When Rooted in Rights first accepted me for their inaugural Rooted in Writing Fellowship program last year, my reaction was one of pure disbelief. For all that I have struggled in my post-grad life to make writing a full-time career, I have been even more shocked to find people who believe in me enough to support my development as a writer. To know organizations exist that are willing to devote resources to building platforms for trans disabled women like me is a blessing I am unbelievably thankful for.
Throughout the past 4 years in which I have come to acknowledge how disability factors into my everyday life, I have longed to connect with spaces where I can feel acknowledged in my entirety. Sure, I have found comfort in spaces with fellow people of color and Queer/Trans circles prior to my disability issues becoming more integral to my life. I’ve bonded with several people over our shared struggles and we continue to support each other whenever we can. But ever since I became aware of just how deeply complicated and diverse disabilities and disability spaces could be, I have felt a sense of belonging I had never experienced before. Whereas before I had attempted fruitlessly to connect conversations about mental health to my experiences as a Queer/Trans person of color, in disability I found a potential space for all of me to exist. More than anything, I found a place where I could create fully as a writer, growing and tending to all parts of me without feeling as though the undesired parts of my identity would have to be tossed aside.
Unfortunately, this has not come without some unpleasant realizations about what it means to be a disabled trans person of color in disability spaces. If I am being honest, the past years connecting with disability spaces have often given me the impression that whiteness reigns supreme when it comes to who gets priority in resource allocation and conversation topics. As grateful as I am to witness conversations about mental health address institutional conditions beyond stigma, the conversations still remain woefully focused on mental health concerns related only to middle-class white folks. When race is introduced into the discussion, may white disabled folks tend to become defensive, wondering why folks of color with mental health issues are being divisive. Many white disabled folks don’t ever consider that we are simply trying to have our issues matter as much as theirs have relative to the history of mainstream disability organizing. And as important as it is for trans folks of color like me to be chosen for positions like this fellowship, I won’t deny a familiar worry creeping into my head that mirrors frustrations Rooted in Rights’ Digital Manager Vilissa Thompson once expressed: that my identity will become a hot button issue to address at one point and time and then be forgotten when the next “woke” topic comes up.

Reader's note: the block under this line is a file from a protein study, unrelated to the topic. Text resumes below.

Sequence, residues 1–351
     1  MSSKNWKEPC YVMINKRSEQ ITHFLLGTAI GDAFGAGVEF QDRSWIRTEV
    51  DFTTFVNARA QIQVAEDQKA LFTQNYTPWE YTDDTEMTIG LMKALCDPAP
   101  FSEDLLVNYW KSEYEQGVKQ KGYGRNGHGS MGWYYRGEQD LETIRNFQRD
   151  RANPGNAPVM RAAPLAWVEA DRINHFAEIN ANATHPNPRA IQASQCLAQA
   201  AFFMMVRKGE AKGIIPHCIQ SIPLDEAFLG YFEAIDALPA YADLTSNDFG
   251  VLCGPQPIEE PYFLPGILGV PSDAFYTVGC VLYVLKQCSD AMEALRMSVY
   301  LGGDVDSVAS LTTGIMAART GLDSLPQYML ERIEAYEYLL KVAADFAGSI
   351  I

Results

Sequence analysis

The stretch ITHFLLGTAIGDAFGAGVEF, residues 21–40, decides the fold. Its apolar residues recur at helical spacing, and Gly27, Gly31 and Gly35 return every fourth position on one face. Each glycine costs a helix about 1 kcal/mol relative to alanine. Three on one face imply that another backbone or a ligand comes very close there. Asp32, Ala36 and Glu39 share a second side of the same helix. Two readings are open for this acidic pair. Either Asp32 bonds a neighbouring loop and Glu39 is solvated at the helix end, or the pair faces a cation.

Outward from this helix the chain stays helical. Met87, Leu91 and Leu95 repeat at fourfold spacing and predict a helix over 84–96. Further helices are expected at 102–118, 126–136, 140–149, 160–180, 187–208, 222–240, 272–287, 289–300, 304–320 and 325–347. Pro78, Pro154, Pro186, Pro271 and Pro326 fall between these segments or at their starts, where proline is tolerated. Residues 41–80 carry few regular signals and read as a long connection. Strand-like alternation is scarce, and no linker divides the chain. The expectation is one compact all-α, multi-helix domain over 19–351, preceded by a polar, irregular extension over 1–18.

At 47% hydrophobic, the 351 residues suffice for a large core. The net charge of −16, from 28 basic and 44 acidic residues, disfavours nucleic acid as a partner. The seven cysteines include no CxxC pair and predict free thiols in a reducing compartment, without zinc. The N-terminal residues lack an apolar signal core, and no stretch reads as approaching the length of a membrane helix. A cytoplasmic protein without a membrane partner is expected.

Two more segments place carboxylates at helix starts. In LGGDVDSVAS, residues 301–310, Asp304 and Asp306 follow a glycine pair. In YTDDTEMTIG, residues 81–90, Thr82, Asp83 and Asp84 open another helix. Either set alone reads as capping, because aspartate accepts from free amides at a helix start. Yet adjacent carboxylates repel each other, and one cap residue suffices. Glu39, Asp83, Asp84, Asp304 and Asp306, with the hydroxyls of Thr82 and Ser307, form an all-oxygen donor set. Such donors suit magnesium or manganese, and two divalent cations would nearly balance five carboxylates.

I’ll be frank: I am not unfamiliar with feeling out of place because of my identity. In Queer/Trans spaces I have navigated this same relationship with whiteness in terms of whose voices were prioritized over others. In person-of-color-focused spaces I cherished, my mental health issues made me stand out in often uncomfortable ways, especially when confronting people who only paid lip service to disability concerns.
I know my communities need work and I am patient and pragmatic enough to know that it will take time to accomplish that work. Making truly inclusive spaces and caring communities is like good writing: it takes time, effort, and multiple people giving their input equally. And, with being accepted for this fellowship so many months ago, I know there is capacity for disability spaces to value the work of folks who aren’t just white and cisgender.
However, I also think it has long been time for more white-centric disability organizations recognize the amazing contemporary work many of these same communities have done to add complexity to disability conversations. Whether it is the amazing political organizing done by disabled Queer/Trans voices like Lydia Brown, Mia Mingus, and organizations like the National Coalition for Latinx with Disabilities or the social media work of Alice Wong, I know my communities have much to offer to the amazing disabled futures we are all building.
I can only hope this is represents the start of more chances for people from my communities to grow and delight in the wonderful space of disabled existence. It would be a shame for my place in disability as a writer of color to continue being an anomaly rather than the standard more organizations should strive for.